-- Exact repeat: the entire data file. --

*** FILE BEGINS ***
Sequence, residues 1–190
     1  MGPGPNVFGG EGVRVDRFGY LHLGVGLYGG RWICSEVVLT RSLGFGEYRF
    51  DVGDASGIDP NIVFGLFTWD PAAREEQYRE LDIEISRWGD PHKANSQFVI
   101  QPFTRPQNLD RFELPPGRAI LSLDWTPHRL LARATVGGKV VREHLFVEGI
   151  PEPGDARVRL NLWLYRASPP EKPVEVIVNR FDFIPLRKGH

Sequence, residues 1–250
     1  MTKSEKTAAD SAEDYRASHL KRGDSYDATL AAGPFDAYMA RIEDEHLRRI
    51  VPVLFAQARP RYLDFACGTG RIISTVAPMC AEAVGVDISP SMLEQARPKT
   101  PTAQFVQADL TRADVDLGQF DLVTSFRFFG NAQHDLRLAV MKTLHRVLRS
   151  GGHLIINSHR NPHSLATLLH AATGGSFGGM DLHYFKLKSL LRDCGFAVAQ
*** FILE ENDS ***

Sequence, residues 1–190
     1  MGPGPNVFGG EGVRVDRFGY LHLGVGLYGG RWICSEVVLT RSLGFGEYRF
    51  DVGDASGIDP NIVFGLFTWD PAAREEQYRE LDIEISRWGD PHKANSQFVI
   101  QPFTRPQNLD RFELPPGRAI LSLDWTPHRL LARATVGGKV VREHLFVEGI
   151  PEPGDARVRL NLWLYRASPP EKPVEVIVNR FDFIPLRKGH

Sequence, residues 1–250
     1  MTKSEKTAAD SAEDYRASHL KRGDSYDATL AAGPFDAYMA RIEDEHLRRI
    51  VPVLFAQARP RYLDFACGTG RIISTVAPMC AEAVGVDISP SMLEQARPKT
   101  PTAQFVQADL TRADVDLGQF DLVTSFRFFG NAQHDLRLAV MKTLHRVLRS
   151  GGHLIINSHR NPHSLATLLH AATGGSFGGM DLHYFKLKSL LRDCGFAVAQ